• Most hazardous waste is the by-product of a broad spectrum of industrial, agricultural and manufacturing processes, nuclear establishments, hospitals and health-care facilities.
  • Primarily, high-volume generators of industrial hazardous waste are the chemical, petrochemical, petroleum, metals, wood treatment, pulp and paper, leather, textiles and energy production plants (coal-fired and nuclear power plants and petroleum production plants).
  • Small- and medium-sized industries that generate hazardous waste include auto and equipment repair shops, electroplating and metal finishing shops, textile factories, hospital and health-care centres, dry cleaners and pesticide users.

Type-based classification Solid Waste

Classification of wastes based on types, i.e., physical, chemical, and biological characteristics of wastes, is as follows:

  1. Garbage:
  • This refers to animal and vegetable wastes resulting from the handling, sale, and storage, preparation, cooking and serving of food.
  • Garbage comprising these wastes contains putrescible (rotting) organic matter, which produces an obnoxious odour and attracts rats and other vermin.
  • It, therefore, requires special attention in storage, handling and disposal.
  1. Ashes and residues:
  • These are substances remaining from the burning of wood, coal, charcoal, coke and other combustible materials for cooking and heating in houses, institutions and small industrial establishments.
  • When produced in large quantities, as in power-generation plants and factories, these are classified as industrial wastes.
  • Ashes consist of fine powdery residue, cinders and clinker often mixed with small pieces of metal and glass. Since ashes and residues are almost entirely inorganic, they are valuable in landfills.
  1. Bulky wastes:
  • These include large household appliances such as refrigerators, washing machines, furniture, crates, vehicle parts, tyres, wood, trees and branches.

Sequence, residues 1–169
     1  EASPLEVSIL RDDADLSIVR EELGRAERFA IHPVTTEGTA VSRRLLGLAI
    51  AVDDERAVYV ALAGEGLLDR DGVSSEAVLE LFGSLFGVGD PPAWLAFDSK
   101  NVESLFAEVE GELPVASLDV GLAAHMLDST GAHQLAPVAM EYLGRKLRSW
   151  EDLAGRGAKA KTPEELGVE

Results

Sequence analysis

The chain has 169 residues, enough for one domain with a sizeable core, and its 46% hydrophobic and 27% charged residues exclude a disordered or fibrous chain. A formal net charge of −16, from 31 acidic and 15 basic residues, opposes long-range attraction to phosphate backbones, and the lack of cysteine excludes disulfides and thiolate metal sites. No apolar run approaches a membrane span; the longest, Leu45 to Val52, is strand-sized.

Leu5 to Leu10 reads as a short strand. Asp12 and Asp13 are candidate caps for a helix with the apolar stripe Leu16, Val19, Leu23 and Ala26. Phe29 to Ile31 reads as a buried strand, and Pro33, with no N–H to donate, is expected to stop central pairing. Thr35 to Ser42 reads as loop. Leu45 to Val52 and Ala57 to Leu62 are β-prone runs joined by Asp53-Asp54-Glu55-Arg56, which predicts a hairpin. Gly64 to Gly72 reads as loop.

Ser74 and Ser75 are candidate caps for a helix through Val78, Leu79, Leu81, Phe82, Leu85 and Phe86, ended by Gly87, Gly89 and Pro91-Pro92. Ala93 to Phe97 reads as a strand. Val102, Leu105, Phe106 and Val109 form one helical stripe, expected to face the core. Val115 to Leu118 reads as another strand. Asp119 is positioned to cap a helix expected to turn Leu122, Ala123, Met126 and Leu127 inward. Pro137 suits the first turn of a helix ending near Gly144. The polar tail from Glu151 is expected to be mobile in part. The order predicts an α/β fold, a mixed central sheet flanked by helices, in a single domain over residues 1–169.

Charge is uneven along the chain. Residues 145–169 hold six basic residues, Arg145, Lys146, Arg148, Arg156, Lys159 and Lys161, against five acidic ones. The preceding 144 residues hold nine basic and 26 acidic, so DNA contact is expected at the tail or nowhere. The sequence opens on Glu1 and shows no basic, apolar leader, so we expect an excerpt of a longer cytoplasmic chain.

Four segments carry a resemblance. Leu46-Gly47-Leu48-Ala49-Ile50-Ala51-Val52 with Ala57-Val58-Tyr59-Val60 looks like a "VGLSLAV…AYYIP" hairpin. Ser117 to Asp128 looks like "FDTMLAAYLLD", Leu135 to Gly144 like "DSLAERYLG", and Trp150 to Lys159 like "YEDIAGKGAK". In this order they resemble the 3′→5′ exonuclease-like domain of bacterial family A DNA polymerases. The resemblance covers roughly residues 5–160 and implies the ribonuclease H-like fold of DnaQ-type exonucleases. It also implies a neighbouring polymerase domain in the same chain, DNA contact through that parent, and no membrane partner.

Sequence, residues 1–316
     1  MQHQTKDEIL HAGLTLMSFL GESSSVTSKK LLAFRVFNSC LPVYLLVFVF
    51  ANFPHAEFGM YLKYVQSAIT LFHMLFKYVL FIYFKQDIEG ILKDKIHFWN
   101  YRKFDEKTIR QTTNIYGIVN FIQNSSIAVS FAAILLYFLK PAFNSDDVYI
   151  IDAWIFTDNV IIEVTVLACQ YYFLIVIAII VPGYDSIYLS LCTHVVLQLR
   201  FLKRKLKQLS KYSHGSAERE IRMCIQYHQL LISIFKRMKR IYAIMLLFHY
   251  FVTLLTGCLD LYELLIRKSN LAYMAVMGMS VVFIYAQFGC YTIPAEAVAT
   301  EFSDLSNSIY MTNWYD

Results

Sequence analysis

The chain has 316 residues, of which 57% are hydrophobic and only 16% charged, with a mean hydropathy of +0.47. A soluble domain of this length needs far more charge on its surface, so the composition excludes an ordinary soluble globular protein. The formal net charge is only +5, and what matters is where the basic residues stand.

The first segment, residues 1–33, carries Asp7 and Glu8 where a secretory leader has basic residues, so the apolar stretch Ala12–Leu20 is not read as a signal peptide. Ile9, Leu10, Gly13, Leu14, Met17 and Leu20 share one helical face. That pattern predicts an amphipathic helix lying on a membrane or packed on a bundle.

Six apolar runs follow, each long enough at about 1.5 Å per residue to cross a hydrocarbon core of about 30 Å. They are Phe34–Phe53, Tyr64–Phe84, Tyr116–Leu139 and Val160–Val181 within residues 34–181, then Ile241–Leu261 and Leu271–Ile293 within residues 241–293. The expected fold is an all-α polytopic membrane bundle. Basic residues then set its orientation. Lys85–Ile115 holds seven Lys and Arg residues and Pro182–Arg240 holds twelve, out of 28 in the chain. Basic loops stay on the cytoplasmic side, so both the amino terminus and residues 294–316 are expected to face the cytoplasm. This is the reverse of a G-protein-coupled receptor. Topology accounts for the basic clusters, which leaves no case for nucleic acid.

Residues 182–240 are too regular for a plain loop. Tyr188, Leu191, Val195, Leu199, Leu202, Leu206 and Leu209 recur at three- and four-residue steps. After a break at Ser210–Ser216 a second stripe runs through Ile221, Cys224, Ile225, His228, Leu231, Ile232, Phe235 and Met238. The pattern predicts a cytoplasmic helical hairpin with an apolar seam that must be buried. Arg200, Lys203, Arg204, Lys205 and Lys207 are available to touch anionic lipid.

• Since these household wastes cannot be accommodated in normal storage containers, they require a special collection mechanism.
  1. Street wastes:
  • These refer to wastes that are collected from streets, walkways, alleys, parks and vacant plots, and include paper, cardboard, plastics, dirt, leaves and other vegetable matter.
  • Littering in public places is indeed a widespread and acute problem in many countries including India, and a solid waste management system must address this menace appropriately.
  1. Biodegradable and non-biodegradable wastes:
  • Biodegradable wastes mainly refer to substances consisting of organic matter such as leftover food, vegetable and fruit peels, paper, textile, wood, etc., generated from various household and industrial activities.
  • Because of the action of micro-organisms, these wastes are degraded from complex to simpler compounds.
  • Non-biodegradable wastes consist of inorganic and recyclable materials such as plastic, glass, cans, metals, etc
  1. Dead animals:
  • With regard to municipal wastes, dead animals are those that die naturally or are accidentally killed on the road.
  • Note that this category does not include carcasses and animal parts from slaughter-houses, which are regarded as industrial wastes.
  • Dead animals are divided into two groups – large and small. Among the large animals are horses, cows, goats, sheep, pigs, etc., and among the small ones are dogs, cats, rabbits, rats, etc.
  • The reason for this differentiation is that large animals require special equipment for lifting and handling when they are removed.
  • If not collected promptly, dead animals pose a threat to public health since they attract flies and other vermin as they decay. Their presence in public places is particularly offensive from the aesthetic point of view as well.
  1. Construction and demolition wastes:
  • These are wastes generated as a result of construction, refurbishment, repair and demolition of houses, commercial buildings and other structures.
  • They consist mainly of earth, stones, concrete, bricks, lumber, roofing and plumbing materials, heating systems and electrical wires and parts of the general municipal waste stream.
  1. Farm wastes:
  • These wastes result from diverse agricultural activities such as planting, harvesting, production of milk, rearing of animals for slaughter and the operation of feedlots.
  • In many areas, the disposal of animal waste has become a critical problem, especially from feedlots, poultry farms and dairies.
  1. Hazardous wastes:
  • Hazardous wastes are those defined as wastes of industrial, institutional or consumer origin that are potentially dangerous either immediately or over a period of time to human beings and the environment.